Manuscriptology and Validation of Scientific Aspects of Technology from Ancient India

A manuscript is a handwritten composition on paper, bark, cloth, metal, palm leaf or any other material dating back at least seventy-five years that has significant scientific, historical or aesthetic value. Lithographs and printed volumes are not manuscripts. Manuscripts are found in hundreds of different languages and scripts. Often, a language is written in a number of different scripts. For example, Sanskrit is written in Oriya script, Grantha script, Devanagari script and many other scripts.


Script is a particular system or style of writing. It can be comprehended as symbolic representation of the sounds of a particular language. There are some ancient scripts which are taught in manuscriptology & palaeography workshops, i.e. Brahmi, Gupta, Kutila, Nagari, Nandinagari, Pali, Prakrit, Tigalari, Sharada, Grantha, Kharosthi, vattelutu, Kaithi, Karani, Odiya, Modi, Siddham, Lepcha, Naskh, Nasta’liq, Kufic, etc.

Most of the Indian scripts used for writing 70% of manuscripts are in Sanskrit. The remaining 30% are written in Assamese, Bengali, Chakma, Dogri, Gujarati, Hindi, Kannada, Kashmiri, Konkani, Maithili, Malayalam, Meithei /Manipuri, Marathi, Nepali, Newari/ Nepal Bhasa, Odiya, Punjabi, Tamil, Telugu, Urdu, etc.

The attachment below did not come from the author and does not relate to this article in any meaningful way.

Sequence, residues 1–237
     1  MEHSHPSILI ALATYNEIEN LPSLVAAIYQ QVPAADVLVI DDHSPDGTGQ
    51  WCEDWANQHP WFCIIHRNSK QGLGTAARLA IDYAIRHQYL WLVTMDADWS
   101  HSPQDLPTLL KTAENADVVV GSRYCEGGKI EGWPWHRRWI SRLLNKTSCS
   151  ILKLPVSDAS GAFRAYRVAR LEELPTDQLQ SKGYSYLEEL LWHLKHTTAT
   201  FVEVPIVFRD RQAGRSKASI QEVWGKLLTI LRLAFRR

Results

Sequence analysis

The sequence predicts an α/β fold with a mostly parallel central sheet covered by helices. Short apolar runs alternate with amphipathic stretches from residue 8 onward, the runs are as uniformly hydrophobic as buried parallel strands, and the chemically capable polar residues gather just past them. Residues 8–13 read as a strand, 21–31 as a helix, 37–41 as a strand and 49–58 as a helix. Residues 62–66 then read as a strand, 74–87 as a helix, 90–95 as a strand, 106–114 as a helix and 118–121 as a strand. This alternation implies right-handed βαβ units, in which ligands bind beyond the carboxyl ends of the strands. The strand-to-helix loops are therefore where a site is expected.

Knowledge Areas in Manuscripts

Medicine, astronomy, religion, philosophy, mythology, mathematics, and many others.


Birch barks, palm leaf, handmade paper, cloth, copper plates, leather, etc. are some materials.

At the Centre, Manuscriptology was initiated in 2021 with focus on the following objectives:

Research Focus

  • To create an awareness about the value of the manuscripts and their scientific preservation, including conducting workshops and seminars.
  • Proper Documentation of manuscripts according to NMM standards.
  • Restoration (remedial conservation) of deteriorated manuscripts.
  • Preventive conservation of manuscripts that do not require restoration.
  • Digitization of manuscripts to ensure that the knowledge it contains is available for future generations.


Science and Technology had reached its pinnacle in ancient India. The study of ancient scientific disciplines has seen exponential growth and has made important contributions to the understanding of the progress of modern science, involving linguist and philologist methods. Many interesting and invaluable documents/scriptures that encompass ancient knowledge can be found in various disciplines including Ayurveda, Mathematics, Astrology, Astronomy, Archaeology, History, Physics, Chemistry, Metallurgy, Biology, Medicine, Alchemy, Atomic Science, Fine arts (Music, Sculpture and Iconography), Architecture and Languages all of which, when amalgamated with modern science, can lead to the development of novel technologies. The study of Ancient Indian Science and Technology stems from a need to